Temple of Jupiter at Pompeii

Our photo shows the Temple of Jupiter in Pompeii at the north end of its forum.  You can see Mt. Vesuvius in the background.

Jupiter was the most important divinity in Ancient Rome.
While at this site we had a group photo made.

Group Photo at Pompeii.

The eruption  began about midday on August 24, AD 79. It was a catastrophe for the inhabitants of the small cities who had lived for hundreds of years in the fertile lands under Mt. Vesuvius. Apparently no one had suspected the mountain of being a potential volcano. Though some escaped, thousands were killed when the vast eruption blew off the top of the mountain. Pompeii was covered with 17 feet of volcanic matter, and nearby Herculaneum was covered to a depth of up to 70 feet!

Vesuvius’ eruption has proved an immense blessing to posterity, for it has preserved—almost ghoulishly—intact the houses, artifacts and corpses of two prosperous, fashionable towns as the Roman Empire neared its zenith. Bread has been left preserved in ovens, meals left ready on tables, scurriloius election notices for the forthcoming curia (council) elections—“Thieves support Vatius for aedile!”—survive on the walls. Inside the houses the bodies of lovers have been found in doomed embrace, while in the streets looters were overwhelmed with their booty. Without that terrible day, our knowledge of ordinary Roman life would be far less vivid (Nigel Rodgers, Roman Empire, p.356).

More to come!

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Greetings from Rome

March 20, 2012

We arrived in Rome last evening (Mon) and opted to do a night tour of some ancient sites in Rome. I will look forward to sharing some photos with you.

Prior to arrival in Rome, we used Sorrento as our base for two days to see Pompeii and the Amalfi Coast.

As previously mentioned, Sunday morning we met with brethren at Poggiomarino. Our bus driver had never been there before. Meeting with these good folks was truly a highpoint of our trip!

Our Group Along with Poggiomarino Church. Photo by David Deason.

Thanks for following Leon’s Message Board. I hope to post more when we get in this evening.

BTW, we are so thankful for the good weather with which we have been blessed. Good temps and sunshine. Good days for photos!

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Sorrento to Amalfi and on to Rome

March 19, 2012

We had a great day beginning with worship at Poggiomarino, and then to Pompeii for the afternoon. We were able to take some good photos, but I was still unable to post photos on my WordPress site when we arrived at our hotel Flora last evening. Hopefully that will change tonight!

This morning we leave Sorrento for the Amalfi coastline. After lunch we are to make our way to Rome where we will be for the duration of the trip. I’m glad to report that all are currently well, and we are learning a lot, and enjoying the beauty of the country, as well as its people.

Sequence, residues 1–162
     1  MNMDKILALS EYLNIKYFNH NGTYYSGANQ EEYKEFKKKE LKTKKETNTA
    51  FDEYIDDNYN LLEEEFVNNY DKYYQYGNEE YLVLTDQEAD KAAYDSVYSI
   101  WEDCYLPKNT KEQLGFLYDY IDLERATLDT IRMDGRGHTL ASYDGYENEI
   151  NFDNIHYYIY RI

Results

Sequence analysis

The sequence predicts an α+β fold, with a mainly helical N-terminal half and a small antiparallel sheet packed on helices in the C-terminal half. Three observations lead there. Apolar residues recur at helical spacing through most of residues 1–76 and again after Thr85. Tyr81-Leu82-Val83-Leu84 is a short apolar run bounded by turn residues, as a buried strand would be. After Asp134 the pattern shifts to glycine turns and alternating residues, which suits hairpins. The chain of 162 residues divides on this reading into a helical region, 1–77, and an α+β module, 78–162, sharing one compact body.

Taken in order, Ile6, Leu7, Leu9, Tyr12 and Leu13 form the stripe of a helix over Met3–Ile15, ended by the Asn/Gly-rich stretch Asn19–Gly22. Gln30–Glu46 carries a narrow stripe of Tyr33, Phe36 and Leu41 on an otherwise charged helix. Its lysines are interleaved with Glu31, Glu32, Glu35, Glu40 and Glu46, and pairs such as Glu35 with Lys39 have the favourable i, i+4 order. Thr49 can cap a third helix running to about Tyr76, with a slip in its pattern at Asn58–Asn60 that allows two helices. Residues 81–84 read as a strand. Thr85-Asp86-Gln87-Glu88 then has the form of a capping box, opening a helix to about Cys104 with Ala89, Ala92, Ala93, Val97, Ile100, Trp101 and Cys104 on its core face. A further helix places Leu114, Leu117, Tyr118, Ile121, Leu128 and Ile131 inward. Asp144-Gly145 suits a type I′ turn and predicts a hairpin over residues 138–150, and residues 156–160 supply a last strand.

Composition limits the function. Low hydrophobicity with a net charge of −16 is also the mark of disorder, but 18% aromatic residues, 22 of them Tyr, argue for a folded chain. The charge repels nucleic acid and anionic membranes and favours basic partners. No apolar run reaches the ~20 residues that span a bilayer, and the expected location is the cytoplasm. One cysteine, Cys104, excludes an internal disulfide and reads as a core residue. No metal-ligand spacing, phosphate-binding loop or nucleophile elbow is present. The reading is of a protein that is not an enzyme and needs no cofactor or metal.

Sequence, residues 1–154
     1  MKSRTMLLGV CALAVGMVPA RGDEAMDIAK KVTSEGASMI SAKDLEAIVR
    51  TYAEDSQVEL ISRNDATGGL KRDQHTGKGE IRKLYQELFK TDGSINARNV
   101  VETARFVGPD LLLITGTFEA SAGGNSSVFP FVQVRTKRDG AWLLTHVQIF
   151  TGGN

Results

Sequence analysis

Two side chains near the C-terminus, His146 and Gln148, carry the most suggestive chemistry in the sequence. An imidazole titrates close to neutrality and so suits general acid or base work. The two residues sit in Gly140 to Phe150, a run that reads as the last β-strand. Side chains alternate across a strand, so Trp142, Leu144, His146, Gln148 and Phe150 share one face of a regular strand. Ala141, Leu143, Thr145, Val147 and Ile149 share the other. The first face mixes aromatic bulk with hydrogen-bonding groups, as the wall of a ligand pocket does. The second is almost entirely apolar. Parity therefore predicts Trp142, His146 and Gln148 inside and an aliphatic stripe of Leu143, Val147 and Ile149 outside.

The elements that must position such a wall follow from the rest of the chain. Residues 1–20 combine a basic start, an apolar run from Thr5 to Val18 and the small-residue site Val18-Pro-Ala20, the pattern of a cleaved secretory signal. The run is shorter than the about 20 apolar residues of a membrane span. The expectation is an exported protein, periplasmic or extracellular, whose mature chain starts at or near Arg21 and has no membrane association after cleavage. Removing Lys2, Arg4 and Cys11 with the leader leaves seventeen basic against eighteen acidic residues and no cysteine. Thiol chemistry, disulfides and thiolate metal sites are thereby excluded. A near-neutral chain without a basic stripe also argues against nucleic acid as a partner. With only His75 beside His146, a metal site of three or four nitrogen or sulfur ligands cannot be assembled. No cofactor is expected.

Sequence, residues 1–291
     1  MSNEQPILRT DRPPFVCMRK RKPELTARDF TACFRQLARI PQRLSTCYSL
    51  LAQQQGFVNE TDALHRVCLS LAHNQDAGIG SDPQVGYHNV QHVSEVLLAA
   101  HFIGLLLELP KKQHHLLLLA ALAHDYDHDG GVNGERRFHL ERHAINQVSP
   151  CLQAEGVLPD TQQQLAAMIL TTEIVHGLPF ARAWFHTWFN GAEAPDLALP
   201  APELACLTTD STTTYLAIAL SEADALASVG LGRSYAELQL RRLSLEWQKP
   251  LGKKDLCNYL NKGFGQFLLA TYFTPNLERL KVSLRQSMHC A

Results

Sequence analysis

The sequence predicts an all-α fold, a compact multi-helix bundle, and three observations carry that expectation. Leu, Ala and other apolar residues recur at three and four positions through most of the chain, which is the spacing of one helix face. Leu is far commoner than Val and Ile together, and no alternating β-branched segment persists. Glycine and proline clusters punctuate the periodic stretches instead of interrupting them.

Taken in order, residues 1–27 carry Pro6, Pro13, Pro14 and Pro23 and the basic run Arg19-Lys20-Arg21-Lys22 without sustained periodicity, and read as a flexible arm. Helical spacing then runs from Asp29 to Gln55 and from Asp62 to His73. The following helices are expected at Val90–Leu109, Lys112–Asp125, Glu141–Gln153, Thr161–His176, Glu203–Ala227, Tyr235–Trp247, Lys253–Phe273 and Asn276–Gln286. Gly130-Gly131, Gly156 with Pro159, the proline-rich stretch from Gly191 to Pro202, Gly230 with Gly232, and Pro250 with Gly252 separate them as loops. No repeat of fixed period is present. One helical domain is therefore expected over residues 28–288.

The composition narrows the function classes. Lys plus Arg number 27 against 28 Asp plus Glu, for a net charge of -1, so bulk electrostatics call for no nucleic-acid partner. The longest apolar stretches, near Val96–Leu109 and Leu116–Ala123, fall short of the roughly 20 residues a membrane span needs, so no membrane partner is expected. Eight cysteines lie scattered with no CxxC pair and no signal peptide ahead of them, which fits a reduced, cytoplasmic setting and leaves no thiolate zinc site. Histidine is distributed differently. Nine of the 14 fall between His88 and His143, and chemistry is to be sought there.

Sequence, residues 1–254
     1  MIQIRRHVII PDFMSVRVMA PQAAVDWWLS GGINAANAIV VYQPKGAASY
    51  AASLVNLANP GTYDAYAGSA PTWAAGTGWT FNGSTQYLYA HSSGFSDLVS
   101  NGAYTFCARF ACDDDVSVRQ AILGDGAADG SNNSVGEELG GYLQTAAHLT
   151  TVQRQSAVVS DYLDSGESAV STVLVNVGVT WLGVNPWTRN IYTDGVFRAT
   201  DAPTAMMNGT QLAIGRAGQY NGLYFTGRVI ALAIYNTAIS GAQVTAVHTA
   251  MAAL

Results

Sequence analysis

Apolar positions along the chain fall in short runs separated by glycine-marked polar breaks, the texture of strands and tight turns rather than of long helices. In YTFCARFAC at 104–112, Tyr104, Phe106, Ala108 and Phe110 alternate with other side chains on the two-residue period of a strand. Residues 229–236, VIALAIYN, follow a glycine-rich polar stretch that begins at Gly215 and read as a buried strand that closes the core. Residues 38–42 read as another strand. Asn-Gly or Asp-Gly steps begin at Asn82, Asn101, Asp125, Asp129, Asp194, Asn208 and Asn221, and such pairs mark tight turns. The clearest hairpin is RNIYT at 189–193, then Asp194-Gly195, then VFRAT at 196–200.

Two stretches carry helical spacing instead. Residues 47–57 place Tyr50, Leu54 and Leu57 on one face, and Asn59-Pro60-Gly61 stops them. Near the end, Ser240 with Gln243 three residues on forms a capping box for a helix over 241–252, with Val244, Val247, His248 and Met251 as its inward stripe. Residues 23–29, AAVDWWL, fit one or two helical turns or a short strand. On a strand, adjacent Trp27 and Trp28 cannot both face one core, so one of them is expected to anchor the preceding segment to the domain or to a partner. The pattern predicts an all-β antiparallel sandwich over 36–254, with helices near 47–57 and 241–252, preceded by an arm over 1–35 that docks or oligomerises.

Greetings from Sorrento

March 17, 2012

UPDATE: Now in Rome, able to upload photos. Inserting some photos to “catch-up.”

Today we traveled 300+ miles, from Florence to Sorrento. Along the way we were in the area of the ancient Appian Way. In Acts 28:18ff., Paul traveled a portion of the Appian Way when as a prisoner he was en route to Rome. The Appian way was one of the earliest and strategically most important roads of the Roman Republic.

That ancient route is marked with Umbrella Pines.

Appian Way Marked by Umbrella Pine Trees. Photo by Leon Mauldin.

By late afternoon we arrived at Sorrento.

Sorrento in Southern Italy. Photo by Leon Mauldin.

Natural Beauty in Sorrento Area. Photo by Leon Mauldin.

We are looking forward Sun AM to meeting with brethren who comprise Chiesa di Cristo at Poggiomarino. After a period of worship we are to visit the ruins of Pompeii.

The internet somehow is not cooperative in uploading photos tonight. Hopefully tomorrow.

Florence American Cemetery

March 16, 2012

Today was spent in the area of Florence, Italy, famed for Michelangelo’s David, among so many other works of art. The visit to the Academy of Fine Arts was interesting.

We also made a short visit to the Florence American Cemetery.

The Florence American Cemetery and Memorial site in Italy covers 70 acres, chiefly on the west side of the Greve “torrente.” The wooded hills that frame its west limit rise several hundred feet. Between the two entrance buildings, a bridge leads to the burial area where the headstones of 4,402 of our military dead are arrayed in symmetrical curved rows upon the hillside. They represent 39 percent of the U.S. Fifth Army burials originally made between Rome and the Alps. Most died in the fighting that occurred after the capture of Rome in June 1944. Included among them are casualties of the heavy fighting in the Apennines shortly before the war’s end. On May 2, 1945, the enemy troops in northern Italy surrendered.

Above the graves, on the topmost of three broad terraces, stands the memorial marked by a tall pylon surmounted by a large sculptured figure. The memorial has two open atria, or courts, joined by the Tablets of the Missing upon which are inscribed 1,409 names. Rosettes mark the names of those since recovered and identified. The atrium at the south end of the Tablets of the Missing serves as a forecourt to the chapel, which is decorated with marble and mosaic. The north atrium contains the marble operations maps recording the achievements of the American armed forces in this region.

The cemetery is open daily to the public from 9 a.m. to 5 p.m. except December 25 and January 1. It is open on host country holidays. When the cemetery is open to the public, a staff member is on duty in the Visitor Building to answer questions and escort relatives to grave and memorial sites

Florence American Cemetery. Photo by Leon Mauldin.

Here is a photo of the above mentioned monument:

Monument at Cemetery. Photo by Leon Mauldin.

This afternoon some of us went to San Gimignano, a medieval town in a beautiful setting. I asked this family if I could take their photo.

Italian Family in San Gimignano. Photo by Leon Mauldin.

Tomorrow is a full day of travel, from Florence to Sorrento.

Click on images for larger view.